Paris: September 1792. At the West Barricade, the bloody guillotine continues her ghastly work. And word has gotten round that the mischievous Englishman who delights at ferrying off French aristocrats to England is somewhere among them. For today, the Citoyen Fouquier-Tinville, on his way to the Committee of Public Safety, received another enigmatic calling card. It was signed with a symbol of a red flower - the mark of the Scarlet Pimpernel.
"A great version of an old favorite"
In the year 1792, Sir Percy and Lady Marguerite Blakeney are the darlings of British society---he is known as one of the wealthiest men in England and a dimwit; she is French, a stunning former actress, and "the cleverest woman in Europe"---and they find themselves at the center of a deadly political intrigue.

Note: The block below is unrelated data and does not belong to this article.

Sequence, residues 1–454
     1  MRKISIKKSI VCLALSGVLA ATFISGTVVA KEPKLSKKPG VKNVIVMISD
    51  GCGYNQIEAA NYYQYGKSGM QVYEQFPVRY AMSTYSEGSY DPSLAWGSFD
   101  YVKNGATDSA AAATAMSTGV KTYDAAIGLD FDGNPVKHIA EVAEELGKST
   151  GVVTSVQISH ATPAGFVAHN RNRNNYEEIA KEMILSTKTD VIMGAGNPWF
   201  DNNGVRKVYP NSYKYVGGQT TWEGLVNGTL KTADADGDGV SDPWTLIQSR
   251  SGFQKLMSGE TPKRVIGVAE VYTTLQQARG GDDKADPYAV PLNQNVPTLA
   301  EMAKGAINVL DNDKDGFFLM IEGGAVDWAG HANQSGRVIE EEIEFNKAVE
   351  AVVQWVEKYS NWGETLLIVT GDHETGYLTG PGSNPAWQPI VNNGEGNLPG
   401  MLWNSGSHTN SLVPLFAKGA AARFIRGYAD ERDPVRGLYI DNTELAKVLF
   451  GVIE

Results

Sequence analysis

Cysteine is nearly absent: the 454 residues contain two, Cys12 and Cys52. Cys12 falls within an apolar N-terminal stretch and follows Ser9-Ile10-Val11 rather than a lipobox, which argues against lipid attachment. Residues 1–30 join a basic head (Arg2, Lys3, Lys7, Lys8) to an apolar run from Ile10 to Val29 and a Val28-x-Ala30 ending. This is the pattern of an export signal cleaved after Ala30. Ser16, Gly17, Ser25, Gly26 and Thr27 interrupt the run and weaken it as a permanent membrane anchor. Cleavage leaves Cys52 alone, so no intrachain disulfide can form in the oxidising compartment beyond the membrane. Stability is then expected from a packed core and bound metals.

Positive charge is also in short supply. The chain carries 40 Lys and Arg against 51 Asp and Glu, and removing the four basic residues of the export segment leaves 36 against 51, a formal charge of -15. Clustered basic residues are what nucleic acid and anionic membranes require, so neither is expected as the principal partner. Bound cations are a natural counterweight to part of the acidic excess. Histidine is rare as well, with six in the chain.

Baroness Emmuska Orczy was a Hungarian-born British novelist, who gained fame as a writer for The Scarlet Pimpernel. She also created an archetype of popular mystery fiction: the armchair detective, as exemplified by "The Old Man in the Corner", a sleuth who is never mentioned by name and but who solves cases simply by "thinking them through", while leaving the gathering of evidence to others. "The Dublin Mystery" is one of the best of these stories.